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|Title:||Clinical differences between early- and late-onset psoriasis in Thai patients|
Ubon Rajathanee University
|Citation:||International Journal of Dermatology. Vol.54, No.3 (2015), 290-294|
|Abstract:||© 2014 The International Society of Dermatology. Objectives: There is a paucity of data regarding clinical differences between early-onset psoriasis (EOP) and late-onset psoriasis (LOP) in Asian populations. This study aimed to investigate clinical differences between EOP (onset at the age of <40 years) and LOP (onset at the age of ≥40 years) in Thai patients. Methods: From 2002 until 2008, staff and residents in the Department of Dermatology, Siriraj Hospital, were asked to complete a questionnaire detailing the age of onset, family history of psoriasis, comorbid diseases, clinical features, nail and joint involvement, and severity of psoriasis in all psoriasis patients. Data were analyzed using descriptive statistics and chi-squared tests. Results: A total of 1017 patients were enrolled. Of these, 663 (65.2%) patients had EOP and 354 (34.8%) had LOP. The mean ± standard deviation age of onset was 24.8 ± 8.7 years in the EOP group and 51.6 ± 9.6 years in the LOP group. The two most common comorbid diseases were hypertension and diabetes mellitus in both groups. Patients with EOP had a significantly higher likelihood of both a family history of disease and guttate psoriasis. Palmoplantar psoriasis was more commonly found in LOP patients. Nail and joint involvement and disease severity were not associated significantly with age of onset. Conclusions: The present study supports the hypothesis that there are clinical differences between EOP and LOP in Asian populations.|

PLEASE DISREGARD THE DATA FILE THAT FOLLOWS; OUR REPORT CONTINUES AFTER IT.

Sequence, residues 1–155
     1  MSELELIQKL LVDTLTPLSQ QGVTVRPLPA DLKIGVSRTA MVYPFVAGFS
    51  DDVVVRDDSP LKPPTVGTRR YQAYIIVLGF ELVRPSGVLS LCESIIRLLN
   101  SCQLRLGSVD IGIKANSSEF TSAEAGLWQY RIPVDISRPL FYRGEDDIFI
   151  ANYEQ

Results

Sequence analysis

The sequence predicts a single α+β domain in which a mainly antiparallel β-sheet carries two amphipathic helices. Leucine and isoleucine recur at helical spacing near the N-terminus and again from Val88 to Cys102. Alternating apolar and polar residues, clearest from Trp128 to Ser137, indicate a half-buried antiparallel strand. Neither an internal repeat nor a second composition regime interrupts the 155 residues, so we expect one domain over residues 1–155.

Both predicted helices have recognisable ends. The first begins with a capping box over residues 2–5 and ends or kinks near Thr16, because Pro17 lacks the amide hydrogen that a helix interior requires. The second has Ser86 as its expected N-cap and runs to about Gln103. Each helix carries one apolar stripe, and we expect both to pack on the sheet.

|Appears in Collections:||Scopus 2011-2015|
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